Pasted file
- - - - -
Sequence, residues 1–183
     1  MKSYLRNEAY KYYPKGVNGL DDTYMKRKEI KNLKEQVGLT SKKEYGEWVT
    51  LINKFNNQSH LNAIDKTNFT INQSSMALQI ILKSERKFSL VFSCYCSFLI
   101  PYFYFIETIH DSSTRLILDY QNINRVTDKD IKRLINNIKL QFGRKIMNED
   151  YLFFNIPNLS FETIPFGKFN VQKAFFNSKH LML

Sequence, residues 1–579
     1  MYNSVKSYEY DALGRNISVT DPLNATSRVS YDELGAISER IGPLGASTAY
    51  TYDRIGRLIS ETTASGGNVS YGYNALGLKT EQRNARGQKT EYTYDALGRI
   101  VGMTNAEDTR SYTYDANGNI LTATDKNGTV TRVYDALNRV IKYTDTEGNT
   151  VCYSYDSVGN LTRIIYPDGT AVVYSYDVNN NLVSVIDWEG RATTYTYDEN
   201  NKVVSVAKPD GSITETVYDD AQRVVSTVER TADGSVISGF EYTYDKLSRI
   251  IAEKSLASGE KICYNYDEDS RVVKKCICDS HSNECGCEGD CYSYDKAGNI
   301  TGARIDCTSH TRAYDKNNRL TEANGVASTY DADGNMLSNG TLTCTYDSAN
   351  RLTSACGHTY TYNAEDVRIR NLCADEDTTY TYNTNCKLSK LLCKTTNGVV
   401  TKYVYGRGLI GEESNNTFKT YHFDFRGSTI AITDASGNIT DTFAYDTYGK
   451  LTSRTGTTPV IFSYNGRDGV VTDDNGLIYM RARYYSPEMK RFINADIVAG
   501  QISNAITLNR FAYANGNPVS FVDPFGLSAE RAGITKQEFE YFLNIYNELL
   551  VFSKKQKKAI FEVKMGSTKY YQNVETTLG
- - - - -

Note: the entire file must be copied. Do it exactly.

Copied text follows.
Sequence, residues 1–183
     1  MKSYLRNEAY KYYPKGVNGL DDTYMKRKEI KNLKEQVGLT SKKEYGEWVT
    51  LINKFNNQSH LNAIDKTNFT INQSSMALQI ILKSERKFSL VFSCYCSFLI
   101  PYFYFIETIH DSSTRLILDY QNINRVTDKD IKRLINNIKL QFGRKIMNED
   151  YLFFNIPNLS FETIPFGKFN VQKAFFNSKH LML

Sequence, residues 1–579
     1  MYNSVKSYEY DALGRNISVT DPLNATSRVS YDELGAISER IGPLGASTAY
    51  TYDRIGRLIS ETTASGGNVS YGYNALGLKT EQRNARGQKT EYTYDALGRI
   101  VGMTNAEDTR SYTYDANGNI LTATDKNGTV TRVYDALNRV IKYTDTEGNT
   151  VCYSYDSVGN LTRIIYPDGT AVVYSYDVNN NLVSVIDWEG RATTYTYDEN
   201  NKVVSVAKPD GSITETVYDD AQRVVSTVER TADGSVISGF EYTYDKLSRI
   251  IAEKSLASGE KICYNYDEDS RVVKKCICDS HSNECGCEGD CYSYDKAGNI
   301  TGARIDCTSH TRAYDKNNRL TEANGVASTY DADGNMLSNG TLTCTYDSAN
   351  RLTSACGHTY TYNAEDVRIR NLCADEDTTY TYNTNCKLSK LLCKTTNGVV
   401  TKYVYGRGLI GEESNNTFKT YHFDFRGSTI AITDASGNIT DTFAYDTYGK
   451  LTSRTGTTPV IFSYNGRDGV VTDDNGLIYM RARYYSPEMK RFINADIVAG
   501  QISNAITLNR FAYANGNPVS FVDPFGLSAE RAGITKQEFE YFLNIYNELL
   551  VFSKKQKKAI FEVKMGSTKY YQNVETTLG